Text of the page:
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‘A once in a decade opportunity’: JPMorgan breaks down how to take advantage of the largest bubble in modern history

‘A once in a decade opportunity’: JPMorgan breaks down how to take advantage of the largest bubble in modern history

Marko Kolanovic, JPMorgan’s global head of macro quantitative and derivatives research, sees an “unprecedented divergence” between market segments — one he says has created a “once in a decade opportunity.” He also identifies the areas of the market poised to benefit most and the catalysts that could get the ball rolling. JPM “While there is…


  • Marko Kolanovic, JPMorgan’s global head of macro quantitative and derivatives research, sees an “unprecedented divergence” between market segments — one he says has created a “once in a decade opportunity.”
  • He also identifies the areas of the market poised to benefit most and the catalysts that could get the ball rolling.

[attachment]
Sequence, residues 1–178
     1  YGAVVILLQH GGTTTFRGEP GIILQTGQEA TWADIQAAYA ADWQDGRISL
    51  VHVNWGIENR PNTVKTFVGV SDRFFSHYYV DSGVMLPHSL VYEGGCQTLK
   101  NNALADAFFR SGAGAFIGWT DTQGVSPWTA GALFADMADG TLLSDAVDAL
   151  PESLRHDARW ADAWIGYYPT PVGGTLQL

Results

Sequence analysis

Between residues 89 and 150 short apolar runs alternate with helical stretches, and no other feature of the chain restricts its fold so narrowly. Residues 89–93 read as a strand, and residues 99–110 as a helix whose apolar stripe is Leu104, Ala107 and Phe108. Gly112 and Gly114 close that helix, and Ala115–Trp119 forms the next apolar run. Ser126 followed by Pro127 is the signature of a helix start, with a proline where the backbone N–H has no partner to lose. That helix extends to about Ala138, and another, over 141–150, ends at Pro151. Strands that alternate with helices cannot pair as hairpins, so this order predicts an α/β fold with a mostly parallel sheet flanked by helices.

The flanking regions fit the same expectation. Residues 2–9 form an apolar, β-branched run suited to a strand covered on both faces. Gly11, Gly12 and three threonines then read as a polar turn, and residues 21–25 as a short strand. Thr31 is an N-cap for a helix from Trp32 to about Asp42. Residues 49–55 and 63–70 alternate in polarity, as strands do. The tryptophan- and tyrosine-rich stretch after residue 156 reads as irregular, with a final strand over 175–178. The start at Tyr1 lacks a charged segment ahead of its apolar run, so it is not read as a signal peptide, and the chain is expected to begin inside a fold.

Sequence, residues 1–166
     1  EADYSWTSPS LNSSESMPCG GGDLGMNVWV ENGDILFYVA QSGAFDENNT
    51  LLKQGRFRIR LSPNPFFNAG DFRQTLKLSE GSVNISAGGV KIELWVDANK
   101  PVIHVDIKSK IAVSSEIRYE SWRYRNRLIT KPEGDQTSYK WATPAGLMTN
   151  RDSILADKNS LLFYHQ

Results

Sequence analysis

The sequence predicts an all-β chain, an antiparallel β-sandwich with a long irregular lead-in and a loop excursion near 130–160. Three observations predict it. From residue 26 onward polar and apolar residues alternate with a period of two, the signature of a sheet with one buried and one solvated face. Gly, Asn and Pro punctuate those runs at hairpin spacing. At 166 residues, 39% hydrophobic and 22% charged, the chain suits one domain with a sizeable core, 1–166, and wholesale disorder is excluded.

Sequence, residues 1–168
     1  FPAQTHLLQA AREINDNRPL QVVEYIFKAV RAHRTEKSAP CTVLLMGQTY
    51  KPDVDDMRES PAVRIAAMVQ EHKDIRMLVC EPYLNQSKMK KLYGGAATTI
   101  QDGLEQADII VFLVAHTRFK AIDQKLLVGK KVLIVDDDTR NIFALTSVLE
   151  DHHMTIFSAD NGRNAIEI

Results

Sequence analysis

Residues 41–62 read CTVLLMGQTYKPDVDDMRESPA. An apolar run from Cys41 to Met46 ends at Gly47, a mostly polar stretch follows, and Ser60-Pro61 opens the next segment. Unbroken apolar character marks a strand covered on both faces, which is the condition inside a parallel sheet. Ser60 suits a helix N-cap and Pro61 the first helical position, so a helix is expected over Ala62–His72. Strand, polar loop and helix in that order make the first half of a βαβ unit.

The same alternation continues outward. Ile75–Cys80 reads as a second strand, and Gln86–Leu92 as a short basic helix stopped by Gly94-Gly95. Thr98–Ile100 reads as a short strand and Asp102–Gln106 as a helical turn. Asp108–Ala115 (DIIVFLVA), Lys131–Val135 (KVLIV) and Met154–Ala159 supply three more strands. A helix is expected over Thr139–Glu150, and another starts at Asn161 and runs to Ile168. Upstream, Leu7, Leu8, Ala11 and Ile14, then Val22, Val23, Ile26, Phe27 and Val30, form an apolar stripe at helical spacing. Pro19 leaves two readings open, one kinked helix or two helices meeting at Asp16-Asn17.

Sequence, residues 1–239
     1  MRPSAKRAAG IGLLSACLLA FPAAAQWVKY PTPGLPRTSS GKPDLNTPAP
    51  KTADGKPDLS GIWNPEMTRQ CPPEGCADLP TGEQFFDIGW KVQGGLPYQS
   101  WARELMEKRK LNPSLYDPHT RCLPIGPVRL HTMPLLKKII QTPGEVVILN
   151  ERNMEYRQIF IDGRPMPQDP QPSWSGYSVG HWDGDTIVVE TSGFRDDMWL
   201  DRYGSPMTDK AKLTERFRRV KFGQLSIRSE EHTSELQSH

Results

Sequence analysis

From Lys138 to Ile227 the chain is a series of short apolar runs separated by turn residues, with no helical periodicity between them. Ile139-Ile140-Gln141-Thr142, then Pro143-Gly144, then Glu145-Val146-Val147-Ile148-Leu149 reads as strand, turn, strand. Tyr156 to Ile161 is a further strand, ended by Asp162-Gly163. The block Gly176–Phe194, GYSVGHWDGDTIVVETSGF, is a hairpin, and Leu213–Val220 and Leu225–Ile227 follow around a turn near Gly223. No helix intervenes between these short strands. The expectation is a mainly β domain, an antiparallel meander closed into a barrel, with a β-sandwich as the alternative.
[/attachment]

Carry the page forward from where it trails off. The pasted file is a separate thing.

• JPM

    “While there is a secular trend of value becoming cheaper and low volatility stocks becoming more expensive due to secular decline in yields, the nearly vertical move the last few months is not sustainable,” he said.

    This sets the stage for what could be a large, fast-moving convergence. As for a potential catalyst, Kolanovic thinks stabilizing economic data, trade-war progress, and Federal Reserve easing could do the trick.

    JPMorgan’s quant guru even took it a step further, identifying the areas of the market that could benefit from such a shift. In his mind, a hungry investor looking for sharp gains could do a lot worse than monitor these areas for a potential upside explosion.

    “This rotation would push significantly higher all the laggards such as small caps, oil and gas, materials, and more broadly stocks with low P/E and P/B ratios,” he said.

    At this point, only time will tell whether Kolanovic’s convictions come to fruition or whether this divergence continues to stretch even further.

    John Maynard Keynes put it best when he said “the market can remain irrational longer than you can remain solvent.” And the market always seems to find a way of humbling those who have the most irrevocable beliefs.

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